Explainer: What to watch for in Japan’s leadership vote on Wednesday

Candidates for the presidential elections of the ruling Liberal Democratic Party, Taro Kono, Vaccine Cabinet Minister Fumio Kishida, former Foreign Minister, Sanae Takaichi, former Minister of the Interior, and Seiko Noda, former Minister of Internal Affairs, attend a debate organized by the Liberal Democratic Party, Youth Office, Women’s Office at the party headquarters in Tokyo, Japan, on September 20, 2021. Philip Fong / Pool via REUTERS

Sept. 29 (Reuters) – Japan’s ruling party votes on Wednesday for a new leader in an unusually unpredictable fight that will essentially decide the next prime minister of the world’s third-largest economy. read more

Four candidates are competing to lead the Liberal Democratic Party, including popular 58-year-old Vaccine Minister Taro Kono and former centrist Foreign Minister Fumio Kishida. Historically, two women will also compete for the top spot, including ultra-conservative Sanae Takaichi, 60, and Seiko Noda, 61, from the party’s dwindling liberal wing. read more

Here’s what to expect on Wednesday:

The first round of voting begins at 1 p.m. Japan time and the results will be announced at 2:20 p.m.

Kono, a social media-friendly maverick who has rocked the world of serious Japanese politics, is the front-runner to win the most votes. However, projections show that he failed to obtain the 383 votes required for the majority.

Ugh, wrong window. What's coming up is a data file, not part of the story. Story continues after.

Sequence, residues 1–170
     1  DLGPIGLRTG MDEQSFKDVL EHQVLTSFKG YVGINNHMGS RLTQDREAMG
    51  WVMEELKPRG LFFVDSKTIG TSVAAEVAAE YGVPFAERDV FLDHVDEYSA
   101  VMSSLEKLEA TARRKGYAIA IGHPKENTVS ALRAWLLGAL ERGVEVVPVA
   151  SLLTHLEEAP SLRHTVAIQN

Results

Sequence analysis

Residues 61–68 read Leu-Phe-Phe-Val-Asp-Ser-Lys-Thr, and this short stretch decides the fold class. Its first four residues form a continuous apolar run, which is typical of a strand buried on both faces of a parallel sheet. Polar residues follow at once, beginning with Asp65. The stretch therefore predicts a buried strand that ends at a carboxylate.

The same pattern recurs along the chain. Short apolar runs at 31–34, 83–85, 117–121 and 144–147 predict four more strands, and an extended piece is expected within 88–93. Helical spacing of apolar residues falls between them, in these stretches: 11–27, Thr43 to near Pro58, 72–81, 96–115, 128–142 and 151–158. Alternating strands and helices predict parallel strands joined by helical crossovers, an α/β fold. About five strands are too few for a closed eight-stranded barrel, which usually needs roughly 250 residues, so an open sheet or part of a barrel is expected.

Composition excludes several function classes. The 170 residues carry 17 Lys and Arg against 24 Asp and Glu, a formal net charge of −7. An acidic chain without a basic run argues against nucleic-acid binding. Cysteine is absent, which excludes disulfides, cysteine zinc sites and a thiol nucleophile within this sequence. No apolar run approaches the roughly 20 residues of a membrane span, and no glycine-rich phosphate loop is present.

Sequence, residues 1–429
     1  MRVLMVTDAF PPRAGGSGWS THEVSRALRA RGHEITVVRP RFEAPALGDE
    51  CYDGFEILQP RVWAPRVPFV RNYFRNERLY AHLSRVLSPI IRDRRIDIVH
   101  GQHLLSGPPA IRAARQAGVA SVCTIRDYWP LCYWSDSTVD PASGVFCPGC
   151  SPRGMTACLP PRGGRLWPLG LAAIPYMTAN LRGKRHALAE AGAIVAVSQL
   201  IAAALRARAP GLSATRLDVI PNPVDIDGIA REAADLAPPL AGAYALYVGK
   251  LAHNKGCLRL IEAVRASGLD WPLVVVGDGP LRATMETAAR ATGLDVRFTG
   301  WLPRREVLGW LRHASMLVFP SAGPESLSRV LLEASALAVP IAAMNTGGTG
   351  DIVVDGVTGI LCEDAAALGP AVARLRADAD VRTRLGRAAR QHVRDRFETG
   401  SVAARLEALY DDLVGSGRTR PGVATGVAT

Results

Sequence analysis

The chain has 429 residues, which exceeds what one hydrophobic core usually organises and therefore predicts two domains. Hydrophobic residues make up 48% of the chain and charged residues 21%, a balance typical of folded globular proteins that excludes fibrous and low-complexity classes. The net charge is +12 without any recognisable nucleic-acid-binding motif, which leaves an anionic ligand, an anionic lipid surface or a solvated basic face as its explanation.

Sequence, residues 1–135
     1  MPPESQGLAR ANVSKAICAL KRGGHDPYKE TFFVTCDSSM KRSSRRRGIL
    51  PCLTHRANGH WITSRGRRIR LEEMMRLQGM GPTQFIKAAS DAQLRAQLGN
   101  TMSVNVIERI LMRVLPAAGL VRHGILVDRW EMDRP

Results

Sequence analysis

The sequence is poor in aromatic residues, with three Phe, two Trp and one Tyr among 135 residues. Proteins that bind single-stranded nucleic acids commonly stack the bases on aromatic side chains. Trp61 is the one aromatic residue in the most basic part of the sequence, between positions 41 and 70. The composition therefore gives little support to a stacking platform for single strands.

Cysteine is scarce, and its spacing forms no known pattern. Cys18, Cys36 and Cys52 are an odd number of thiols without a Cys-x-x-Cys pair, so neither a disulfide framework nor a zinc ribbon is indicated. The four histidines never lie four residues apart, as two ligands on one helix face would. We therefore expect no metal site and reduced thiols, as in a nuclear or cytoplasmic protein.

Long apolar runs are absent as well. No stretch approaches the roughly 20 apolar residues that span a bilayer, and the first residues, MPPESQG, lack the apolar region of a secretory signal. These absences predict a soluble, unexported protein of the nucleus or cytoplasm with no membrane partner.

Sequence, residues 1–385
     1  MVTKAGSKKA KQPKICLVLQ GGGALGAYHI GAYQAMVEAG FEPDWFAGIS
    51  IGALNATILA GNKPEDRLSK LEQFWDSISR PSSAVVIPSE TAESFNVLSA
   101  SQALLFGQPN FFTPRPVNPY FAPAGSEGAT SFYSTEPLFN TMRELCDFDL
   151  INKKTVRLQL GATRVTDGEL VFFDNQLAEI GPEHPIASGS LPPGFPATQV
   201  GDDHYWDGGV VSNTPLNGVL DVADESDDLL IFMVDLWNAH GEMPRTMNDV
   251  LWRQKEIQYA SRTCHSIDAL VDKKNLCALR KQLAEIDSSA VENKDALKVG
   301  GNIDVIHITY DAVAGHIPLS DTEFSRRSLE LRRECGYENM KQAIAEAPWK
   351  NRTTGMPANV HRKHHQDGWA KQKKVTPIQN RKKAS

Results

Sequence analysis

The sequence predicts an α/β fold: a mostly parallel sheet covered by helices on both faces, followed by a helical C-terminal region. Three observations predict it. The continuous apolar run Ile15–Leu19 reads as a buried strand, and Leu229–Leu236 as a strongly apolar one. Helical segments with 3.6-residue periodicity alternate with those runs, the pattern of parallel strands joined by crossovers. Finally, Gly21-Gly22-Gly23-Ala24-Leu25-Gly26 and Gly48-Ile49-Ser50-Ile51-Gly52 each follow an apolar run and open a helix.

That means that the top two candidates will immediately move on to a second round in which the winner must secure 215 votes out of a total of 429 available, of which 382 are cast by lawmakers who voted in the first round and another 47 by local vote. chapters.

In the second round scenario, some projections favor Kishida due to the way more conservative factions can vote to block Kono.

That said, if Takaichi is voted in second place, the faction vote to block Kono could cause her to rage and emerge victorious in the second round.

In the last leadership fight a decade ago, then-Prime Minister Shinzo Abe lost the first round of voting, but won the second.

The results of the second round of voting are expected around 3:40 pm after the market close.

More coverage:

-Japan race puts Abenomics legacy in focus read more

-What’s nextfor new PM read more

-LGBTQ groups hope race will lead to same-sex marriages read more

-The minor Japanese legislators emerge as a force read more

Editing by Leela de Kretser; Edited by Michael Perry

Our Standards: The Thomson Reuters Trust Principles.

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